“In sum, Fatah was unprepared to relinquish its monopoly over the Palestinian political system. Hamas for its part acted as if a single election result produced a clean slate and entitled it to replace Fatah's monopoly with its own. So the rejection of power-sharing and political participation by both parties, and by Abbas in particular, is a root cause. That said, the ensuing schism cannot be understood without reference to the primary role foreign powers played in instigating and prolonging it. 

“Additionally, Fatah and Hamas focused their energies on control of the PA within the occupied territories, akin to prison inmates fighting over the top bunk, rather than on the PLO and the national movement as a whole, which remains in urgent need of reconstruction and is more conducive to power-sharing arrangements.”


Q - What have the consequences of the split been?

DB - “The consequences have been grave. Throughout this period of a ‘split,’ Israel has used the schism to claim that it cannot make peace with a divided Palestinian national movement, and has imposed a cruel, draconian blockade on the Gaza Strip, with little pushback from Fatah and the PA. Israel has also continued to bomb Gaza periodically with impunity, while Abbas and Fatah have resisted calls to hold Israel accountable before the International Criminal Court (ICC). Palestinians in Gaza, who have now endured three major Israeli military assaults in six years, cannot rebuild because of restrictions imposed by the Israeli siege. 

“Internally, the division has eroded Palestinian democracy. Once a model for democracy in the Middle East, the division has allowed Abbas to put presidential and general elections on hold indefinitely. Today, the terms of both the PA president, Mahmoud Abbas, and the PLC have expired, and Abbas rules by presidential decree. The PLC has not even met in seven years. In the Gaza Strip, the situation is similar: the Prime Minister there rules without parliamentary oversight and has enacted laws that have also eroded Palestinian freedoms. This is not in the best interests of Palestine or Palestinians.”

MR - “The schism has brought Palestinians to their lowest point since 1967, and enabled the unprecedented political and geographic fragmentation of the Palestinian people and their national movement. It has led both parties to prioritize factional advantage over the national interest, and to invite foreign intervention to resolve domestic differences. As a result foreign influence - more often pernicious than beneficial - on internal Palestinian affairs has never been greater, and rather than maintain the Palestinian cause as an issue that unifies the Arabs it has become an increasingly divisive issue as Fatah and Hamas have become willing participants in rival regional coalitions.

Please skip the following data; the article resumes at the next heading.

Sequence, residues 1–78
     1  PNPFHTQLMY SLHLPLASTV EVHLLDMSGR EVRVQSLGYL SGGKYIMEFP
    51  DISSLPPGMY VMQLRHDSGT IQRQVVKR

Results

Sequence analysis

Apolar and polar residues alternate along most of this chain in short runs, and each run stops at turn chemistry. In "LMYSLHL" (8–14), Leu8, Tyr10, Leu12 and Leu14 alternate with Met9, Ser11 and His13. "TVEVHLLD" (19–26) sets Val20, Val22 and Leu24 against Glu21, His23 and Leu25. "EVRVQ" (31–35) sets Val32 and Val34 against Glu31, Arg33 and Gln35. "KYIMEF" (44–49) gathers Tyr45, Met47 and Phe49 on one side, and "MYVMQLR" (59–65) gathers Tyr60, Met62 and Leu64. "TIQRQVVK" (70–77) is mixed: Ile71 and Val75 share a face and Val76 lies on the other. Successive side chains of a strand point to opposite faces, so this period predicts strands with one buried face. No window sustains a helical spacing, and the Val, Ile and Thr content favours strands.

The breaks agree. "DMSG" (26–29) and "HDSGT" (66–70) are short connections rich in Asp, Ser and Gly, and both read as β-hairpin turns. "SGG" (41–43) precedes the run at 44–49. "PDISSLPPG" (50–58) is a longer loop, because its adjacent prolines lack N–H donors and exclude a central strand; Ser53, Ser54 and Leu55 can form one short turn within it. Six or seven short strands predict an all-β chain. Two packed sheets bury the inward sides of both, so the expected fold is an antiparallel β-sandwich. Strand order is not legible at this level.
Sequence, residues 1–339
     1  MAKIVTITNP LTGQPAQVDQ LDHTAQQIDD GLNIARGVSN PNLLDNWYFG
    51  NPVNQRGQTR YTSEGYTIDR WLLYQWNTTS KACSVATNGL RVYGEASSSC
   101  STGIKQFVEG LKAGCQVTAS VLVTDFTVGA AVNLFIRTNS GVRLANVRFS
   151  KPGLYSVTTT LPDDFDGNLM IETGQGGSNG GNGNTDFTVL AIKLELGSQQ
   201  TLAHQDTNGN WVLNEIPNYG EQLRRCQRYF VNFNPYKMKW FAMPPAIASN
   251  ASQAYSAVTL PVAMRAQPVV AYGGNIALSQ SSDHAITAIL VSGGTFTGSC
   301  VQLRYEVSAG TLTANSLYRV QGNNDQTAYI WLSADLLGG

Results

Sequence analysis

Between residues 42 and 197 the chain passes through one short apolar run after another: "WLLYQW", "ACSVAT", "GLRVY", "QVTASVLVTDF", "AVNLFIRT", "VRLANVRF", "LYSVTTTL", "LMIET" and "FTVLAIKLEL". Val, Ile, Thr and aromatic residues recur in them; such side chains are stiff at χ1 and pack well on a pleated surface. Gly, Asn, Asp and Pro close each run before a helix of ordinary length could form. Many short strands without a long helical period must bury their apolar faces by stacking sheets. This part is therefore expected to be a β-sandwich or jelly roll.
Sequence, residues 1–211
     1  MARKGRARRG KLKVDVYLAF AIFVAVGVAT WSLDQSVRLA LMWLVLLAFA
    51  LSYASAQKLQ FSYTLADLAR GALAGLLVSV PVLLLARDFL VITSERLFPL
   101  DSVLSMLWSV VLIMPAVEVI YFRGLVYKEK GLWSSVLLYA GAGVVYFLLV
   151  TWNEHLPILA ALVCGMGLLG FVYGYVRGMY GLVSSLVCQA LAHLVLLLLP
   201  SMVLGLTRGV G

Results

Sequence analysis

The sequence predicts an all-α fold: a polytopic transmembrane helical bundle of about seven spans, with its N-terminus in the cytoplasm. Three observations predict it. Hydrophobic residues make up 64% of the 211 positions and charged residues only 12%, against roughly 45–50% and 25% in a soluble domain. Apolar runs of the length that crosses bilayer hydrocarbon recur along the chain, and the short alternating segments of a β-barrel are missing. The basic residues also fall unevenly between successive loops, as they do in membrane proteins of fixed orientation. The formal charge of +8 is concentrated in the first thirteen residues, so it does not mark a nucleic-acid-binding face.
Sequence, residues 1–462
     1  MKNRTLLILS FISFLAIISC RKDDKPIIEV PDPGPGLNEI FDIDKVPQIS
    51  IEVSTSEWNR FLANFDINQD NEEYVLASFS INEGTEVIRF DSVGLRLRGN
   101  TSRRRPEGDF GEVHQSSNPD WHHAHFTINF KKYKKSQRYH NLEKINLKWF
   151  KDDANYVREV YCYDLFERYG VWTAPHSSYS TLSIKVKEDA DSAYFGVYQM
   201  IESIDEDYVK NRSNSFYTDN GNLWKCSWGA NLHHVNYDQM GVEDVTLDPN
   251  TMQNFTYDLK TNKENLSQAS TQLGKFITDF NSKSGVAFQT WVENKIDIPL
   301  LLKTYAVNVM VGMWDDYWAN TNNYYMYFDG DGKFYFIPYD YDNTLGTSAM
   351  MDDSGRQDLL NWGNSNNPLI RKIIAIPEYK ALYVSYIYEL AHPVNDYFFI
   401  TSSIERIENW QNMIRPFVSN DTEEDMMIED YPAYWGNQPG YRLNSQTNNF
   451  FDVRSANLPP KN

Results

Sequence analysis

“The cost of this petty dispute - petty because it is mainly about power, not principle - to ordinary Palestinians has been extraordinarily high, and Israel's repeated offensives against the Gaza Strip and continued Palestinian commitment to the catastrophic Oslo agreements should, in my view, be considered part of that price. In Ramallah, Palestinians have not only advocated for the siege of the Gaza Strip but its intensfication, and at times hoped Israeli offensives against the Gaza Strip succeed beyond Israel's own objectives. In Gaza, Palestinians have taken delight in the extremely costly failures of Abbas's diplomacy. In the meantime the national movement is disintegrating and is put on the agenda only by Israel's actions rather than Palestinian initiative.”


Q -Why have they failed to successfully reconcile, despite repeated attempts and strong pressure from Palestinians to do so?

DB - “The parties have failed to successfully reconcile both because of external pressure that has been exerted on them and for internal reasons. External pressure has largely taken the form of demands by the international community that Hamas abide by the Quartet’s conditions. Internally, the parties are facing their own constraints, with both sides apparently pleased with ‘ruling’ a piece of territory without any democratic oversight.” 

MR - Reconciliation can only succeed on the basis of a rejuvenated national movement that is constructed on the basis of power-sharing, political participation, and a collective national program and political strategy. The focus therefore needs to move away from the PA and towards the PLO, or at least expand to include the PLO. That is not yet happening.”


Q - What will it take for a true unified Palestinian political front between Fatah and Hamas to be realized?

DB - “The parties need to move away from their desire to ‘rule’ and to begin focusing on a larger, comprehensive strategy of national liberation. To date, all discussions have focused on who will control the various ministries of the Palestinian Authority, rather than on how to achieve freedom for the Palestinian people.”

MR - Same answer as above, but I would add that neither the political system nor the national movement can afford to be monopolized by Fatah and Hamas alone. 

“Just as the era of a single Palestinian movement able to monopolize institutions is over, I don't think a situation in which these are controlled by the two main parties, who together have the allegiance of at most half the people, will work either. The Palestinian crisis is so thoroughly deep and acute that only a comprehensive and coordinated mobilization of all available forces can begin to address it.  

“A particular concern is the accelerated disintegration of Fatah, particularly since Arafat's demise. The movement has survived Dahlan, we'll have to see if it also survives Abbas.”